Last night the Mariinsky Orchestra finished a week of performances at Carnegie Hall with the audience cheering.
This summer also saw a sold-out run of the Mariinsky Ballet at the Metropolitan Opera. And there’ll be more.
“The more Mariinsky the better,” said Frederick Iseman, chairman and CEO of the hedge fund CI Capital Partners LLC, and the newly installed chairman of the White Nights Foundation of America, which supports the Mariinsky Theatre.
Iseman disclosed that the ballet company will return to New York in the spring of 2013 with a two-week engagement at the David H. Koch Theater at Lincoln Center. The orchestra will have a monthlong tour of the U.S. next year followed by a return to Carnegie Hall in the fall of both 2012 and the following autumn.
Guests at a reception in Carnegie Hall’s Rohatyn Room after last night’s concert included the writer and director James Cameron, violinist Julian Rachlin, mezzo-soprano Marilyn Horne and actress and playwright Anna Deavere Smith.
The 20-year-old Russian pianist Daniil Trifonov gave a fiery performance of Tchaikovsky’s Piano Concerto No. 1, then shed his bowtie to sign autographs at the reception.
“I constantly come up with new ideas and interpretations,” said Trifonov, who was awarded the First Prize, Gold Medal and Grand Prix at the XIV International Tchaikovsky Competition in Moscow.
The chairman of the competition is Valery Gergiev, who conducted the concert and is the artistic and general director of the Mariinsky Theatre.
“His success is the success of the competition,” Gergiev said.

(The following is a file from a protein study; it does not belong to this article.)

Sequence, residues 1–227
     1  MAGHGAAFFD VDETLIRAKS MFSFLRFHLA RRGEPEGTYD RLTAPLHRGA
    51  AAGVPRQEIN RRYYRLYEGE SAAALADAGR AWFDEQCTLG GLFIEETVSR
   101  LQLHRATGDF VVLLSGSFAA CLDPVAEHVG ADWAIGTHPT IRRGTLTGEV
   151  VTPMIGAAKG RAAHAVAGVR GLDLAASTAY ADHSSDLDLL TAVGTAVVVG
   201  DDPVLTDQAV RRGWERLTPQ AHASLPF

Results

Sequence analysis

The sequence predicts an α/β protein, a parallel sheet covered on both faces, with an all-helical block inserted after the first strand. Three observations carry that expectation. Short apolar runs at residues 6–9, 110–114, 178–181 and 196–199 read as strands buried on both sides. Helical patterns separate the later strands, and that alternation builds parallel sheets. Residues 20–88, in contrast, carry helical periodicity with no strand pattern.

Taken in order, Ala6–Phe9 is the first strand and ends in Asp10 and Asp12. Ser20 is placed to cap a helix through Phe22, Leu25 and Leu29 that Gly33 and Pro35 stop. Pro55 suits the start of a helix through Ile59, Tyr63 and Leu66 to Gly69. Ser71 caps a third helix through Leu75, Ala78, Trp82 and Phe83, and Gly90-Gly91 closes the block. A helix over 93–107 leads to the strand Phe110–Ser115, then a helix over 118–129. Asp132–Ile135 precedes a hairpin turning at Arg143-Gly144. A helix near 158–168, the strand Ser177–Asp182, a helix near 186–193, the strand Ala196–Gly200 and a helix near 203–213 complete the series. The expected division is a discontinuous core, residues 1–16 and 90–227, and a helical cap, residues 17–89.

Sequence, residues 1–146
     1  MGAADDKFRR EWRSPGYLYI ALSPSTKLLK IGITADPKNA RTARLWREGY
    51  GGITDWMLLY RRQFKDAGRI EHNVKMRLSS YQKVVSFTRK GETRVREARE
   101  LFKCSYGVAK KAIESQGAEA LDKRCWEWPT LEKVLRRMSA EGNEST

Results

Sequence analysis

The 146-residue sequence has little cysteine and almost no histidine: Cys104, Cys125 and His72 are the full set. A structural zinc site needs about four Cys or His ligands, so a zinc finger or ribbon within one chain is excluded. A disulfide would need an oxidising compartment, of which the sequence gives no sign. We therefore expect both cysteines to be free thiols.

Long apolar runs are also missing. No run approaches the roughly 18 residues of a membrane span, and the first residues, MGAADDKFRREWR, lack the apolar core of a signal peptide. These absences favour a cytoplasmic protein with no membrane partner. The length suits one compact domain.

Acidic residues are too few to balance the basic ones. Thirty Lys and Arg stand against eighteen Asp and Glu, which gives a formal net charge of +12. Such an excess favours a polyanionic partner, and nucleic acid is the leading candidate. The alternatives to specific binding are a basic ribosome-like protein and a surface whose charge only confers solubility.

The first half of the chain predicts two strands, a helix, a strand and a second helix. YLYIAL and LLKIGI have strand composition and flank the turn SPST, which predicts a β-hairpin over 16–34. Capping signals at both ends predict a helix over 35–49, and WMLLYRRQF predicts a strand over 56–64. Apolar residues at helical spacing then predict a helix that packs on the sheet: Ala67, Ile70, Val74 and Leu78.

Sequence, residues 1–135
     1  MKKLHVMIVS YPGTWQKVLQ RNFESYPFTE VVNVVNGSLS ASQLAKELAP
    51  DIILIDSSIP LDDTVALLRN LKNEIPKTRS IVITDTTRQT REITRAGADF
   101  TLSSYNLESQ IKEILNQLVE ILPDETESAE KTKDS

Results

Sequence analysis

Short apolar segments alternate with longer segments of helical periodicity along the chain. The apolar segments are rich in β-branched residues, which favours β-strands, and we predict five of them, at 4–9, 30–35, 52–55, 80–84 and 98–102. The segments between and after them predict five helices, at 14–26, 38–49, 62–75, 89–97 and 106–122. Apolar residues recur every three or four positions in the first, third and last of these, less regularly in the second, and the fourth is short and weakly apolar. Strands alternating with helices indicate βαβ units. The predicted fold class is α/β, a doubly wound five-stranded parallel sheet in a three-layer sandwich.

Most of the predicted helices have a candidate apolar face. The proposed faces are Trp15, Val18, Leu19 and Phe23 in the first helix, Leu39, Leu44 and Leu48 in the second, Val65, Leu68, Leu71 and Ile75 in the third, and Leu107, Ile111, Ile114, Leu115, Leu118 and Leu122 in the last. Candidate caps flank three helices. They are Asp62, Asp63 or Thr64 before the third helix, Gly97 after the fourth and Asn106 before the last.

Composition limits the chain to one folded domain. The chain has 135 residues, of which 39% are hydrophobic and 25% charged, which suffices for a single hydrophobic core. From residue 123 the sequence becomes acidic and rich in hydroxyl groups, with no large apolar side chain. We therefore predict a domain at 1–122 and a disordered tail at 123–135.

Trifonov began his musical studies when he was 5 years old. Since 2009, he has studied piano at the Cleveland Institute of Music under Armenian-born concert pianist Sergei Babayan.
“He’s like a rare diamond,” said Babayan. “A talent like this is maybe born every 100 years. He breathes music.”
Some oil-spill problem-solvers gathered last night in a garden on Sutton Place overlooking the East River.
Wendy Schmidt, in a Prada lace dress and white leather Armani jacket, was one to toast: She put up the money for the Wendy Schmidt Oil Cleanup X Challenge, a program of the X Prize Foundation. ($1.4 million for the prize, and another $1.4 million to support it, she said).
“I spread venture money out into the world,” said Schmidt, president of the Schmidt Family Foundation. “This is a relatively small amount of money for a great impact.”
The winners of the prize, Jeff Cantrell and Donnie Wilson, co-founders of Elastec/American Marine, based in Carmi, Illinois, hung out under trees lit by paper lanterns as jazz played from an iPod. Their invention is a spinning, grooved disc that picks up oil without picking up a lot of water with it.
‘Above the Bar’
Oil cleanup is Elastec’s business, but the prize “gave us a reason, a timeline,” said Wilson, the company’s chief executive. “It forced us to shoot above the bar in every way possible.”
Dr. Peter Diamandis, chairman and CEO of the Los Angeles-based X Prize Foundation, said the prize model is efficient. “You only pay the winner, but you get a lot of teams working on a problem,” Diamandis said. “Instead of backing a single solution, you’re backing an entire industry.”
The hosts of the party were Paul H. O’Reilly-Hyland and Joelle Wyser-Pratte, managing partners at Ounavarra Capital LLC.
Guests were impressed with their garden, which they share with the owners of other townhouses on their cobblestone street. “Someone just asked me if he could propose marriage here,” said Wyser-Pratte.
(Amanda Gordon is a writer and photographer for Muse, the arts and leisure section of Bloomberg News. Any opinions expressed are her own.)